Rachel Pedersen and Carolyn Rigby on the Sea Bright sandpile, which attracts dog-walkers and other sightseers. (Click to enlarge)
By JOHN T. WARD
The beach clubs and bars may be temporarily gone, but Sea Bright appears to have a new, if temporary attraction: ‘Mount Sandy.’
Rising perhaps 40 feet above the ocean beach on which it was built, a giant pile of sand reclaimed from the storm-tossed borough’s streets has been luring sightseers willing to climb its soft face, rewarding them with a bird’s-eye view of Hurricane Sandy’s devastation.
Just yards away, in fact, is a another mountain rising, this one made of discarded appliances, furniture and building materials.
Montclair State University student Noah Smith interviews owners of some of the hardest-hit businesses in Sea Bright and the volunteers who spent last weekend helping them out. (Thanks to Debbie Galant of the New Jersey News Commons for passing this along.)
The mayor and council of Sea Bright took to the stage of the Count Basie Theatre in Red Bank Monday night to accommodate a crowd that would not have fit into the town’s borough hall. (Photo by Wil Fulton. Click to enlarge)
By WIL FULTON
It was anything but business as usual for Sea Bright residents as they gathered for their borough council’s bimonthly meeting Monday night.
Stoked by concerns that their homes and businesses might not be rebuilt in the aftermath of Hurricane Sandy’s extensive damage, dozens filled seats near the stage at Red Banks Count Basie Theatre to pepper elected officials with questions about everything from stray transformers to the fate of their town.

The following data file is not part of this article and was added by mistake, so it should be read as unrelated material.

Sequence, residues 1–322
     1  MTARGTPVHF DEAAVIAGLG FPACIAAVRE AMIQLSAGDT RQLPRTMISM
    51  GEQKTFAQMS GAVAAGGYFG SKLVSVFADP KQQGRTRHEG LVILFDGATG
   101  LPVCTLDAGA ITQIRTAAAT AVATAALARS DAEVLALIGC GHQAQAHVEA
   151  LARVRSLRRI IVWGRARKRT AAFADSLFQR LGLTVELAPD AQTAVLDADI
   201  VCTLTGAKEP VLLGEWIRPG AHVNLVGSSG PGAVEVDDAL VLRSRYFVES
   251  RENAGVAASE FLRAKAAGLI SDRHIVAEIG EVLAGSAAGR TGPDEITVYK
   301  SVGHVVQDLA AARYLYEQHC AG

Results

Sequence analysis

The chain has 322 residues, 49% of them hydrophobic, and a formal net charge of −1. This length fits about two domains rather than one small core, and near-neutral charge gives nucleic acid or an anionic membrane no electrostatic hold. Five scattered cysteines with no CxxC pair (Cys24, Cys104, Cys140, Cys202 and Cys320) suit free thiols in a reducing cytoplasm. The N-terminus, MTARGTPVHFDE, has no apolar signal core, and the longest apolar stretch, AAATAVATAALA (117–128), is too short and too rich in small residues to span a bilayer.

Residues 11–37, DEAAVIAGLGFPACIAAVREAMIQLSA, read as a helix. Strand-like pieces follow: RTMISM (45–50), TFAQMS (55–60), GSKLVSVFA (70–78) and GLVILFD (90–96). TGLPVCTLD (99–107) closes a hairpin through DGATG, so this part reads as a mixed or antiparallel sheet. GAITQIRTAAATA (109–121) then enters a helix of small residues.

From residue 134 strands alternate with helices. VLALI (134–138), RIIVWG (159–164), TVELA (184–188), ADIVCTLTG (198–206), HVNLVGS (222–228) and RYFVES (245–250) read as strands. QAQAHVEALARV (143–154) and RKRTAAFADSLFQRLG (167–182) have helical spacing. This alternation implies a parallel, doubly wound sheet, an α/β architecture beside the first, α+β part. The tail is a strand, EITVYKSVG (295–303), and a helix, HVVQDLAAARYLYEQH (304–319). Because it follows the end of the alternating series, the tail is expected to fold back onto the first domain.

Here’s a compelling video made in the aftermath of Hurricane Sandy. Shot by Adam Worth of Asbury Park, it includes footage of Sea Bright and the Red Bank-based Rebuild/Recover effort. Worth also made a fascinating time-lapse video of Hurricane Irene in 2011.
Cono Trezza in his newly built pizzeria last February, and as it appeared five days after the storm, below. (Photo below by Peter Lindner. Click to enlarge)
By WIL FULTON
For owners of Sea Bright businesses damaged by Hurricane Sandy, the rebuilding process has just begun. As they assess the damages and take steps toward the recovery of their livelihoods, each has his or her own distinct post-Sandy tale to tell. redbankgreen spoke to four of them this week about their plans in the aftermath of the cataclysmic events that ravaged through their beach community. Here are their stories.
Sea Bright Pizza: Cono Trezza faces an uphill battle, like most property owners in Sea Bright, though he is meeting it with spirit and vigor that some might find surprising, given the state of his business.
I want to get back as soon as possible, Trezza said. If my ovens were working right now Id start cooking pizzas for everyone that’s out here.
Bulldozers redistributing sand recovered from the streets of Sea Bright on the borough beach Wednesday morning. Below, contractor Mike Stavola with Governor Chris Christie last week. (Click to enlarge)
By JOHN T. WARD
It’s been dubbed ‘Mount Sandy,’ and in its enormity, it looms as one of many reminders of the woes inflicted on Sea Bright by Hurricane Sandy on October 29.
We’re talking about a pile of sand so wide and tall upwards of 60 feet, says the contractor who built it that it blocks the view of the ocean from nearly any spot in the municipal beach parking lot.
But the sandpile also stands as a gritty reminder of the rapid progress being made in restoring out the town, while prompting questions about the future of the beaches.